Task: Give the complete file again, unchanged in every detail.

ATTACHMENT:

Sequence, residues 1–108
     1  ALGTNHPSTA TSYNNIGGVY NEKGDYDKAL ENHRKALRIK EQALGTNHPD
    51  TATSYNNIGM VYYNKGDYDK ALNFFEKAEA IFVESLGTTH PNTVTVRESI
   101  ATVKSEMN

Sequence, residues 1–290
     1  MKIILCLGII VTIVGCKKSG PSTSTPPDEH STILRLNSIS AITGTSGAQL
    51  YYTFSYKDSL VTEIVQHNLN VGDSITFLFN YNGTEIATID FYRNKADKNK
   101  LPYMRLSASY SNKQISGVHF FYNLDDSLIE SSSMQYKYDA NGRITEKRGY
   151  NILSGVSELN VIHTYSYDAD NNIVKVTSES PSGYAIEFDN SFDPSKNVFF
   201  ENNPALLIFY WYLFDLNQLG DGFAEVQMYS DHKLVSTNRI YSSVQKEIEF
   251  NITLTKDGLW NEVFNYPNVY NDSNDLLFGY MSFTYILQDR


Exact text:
Sequence, residues 1–108
     1  ALGTNHPSTA TSYNNIGGVY NEKGDYDKAL ENHRKALRIK EQALGTNHPD
    51  TATSYNNIGM VYYNKGDYDK ALNFFEKAEA IFVESLGTTH PNTVTVRESI
   101  ATVKSEMN

Sequence, residues 1–290
     1  MKIILCLGII VTIVGCKKSG PSTSTPPDEH STILRLNSIS AITGTSGAQL
    51  YYTFSYKDSL VTEIVQHNLN VGDSITFLFN YNGTEIATID FYRNKADKNK
   101  LPYMRLSASY SNKQISGVHF FYNLDDSLIE SSSMQYKYDA NGRITEKRGY
   151  NILSGVSELN VIHTYSYDAD NNIVKVTSES PSGYAIEFDN SFDPSKNVFF
   201  ENNPALLIFY WYLFDLNQLG DGFAEVQMYS DHKLVSTNRI YSSVQKEIEF
   251  NITLTKDGLW NEVFNYPNVY NDSNDLLFGY MSFTYILQDR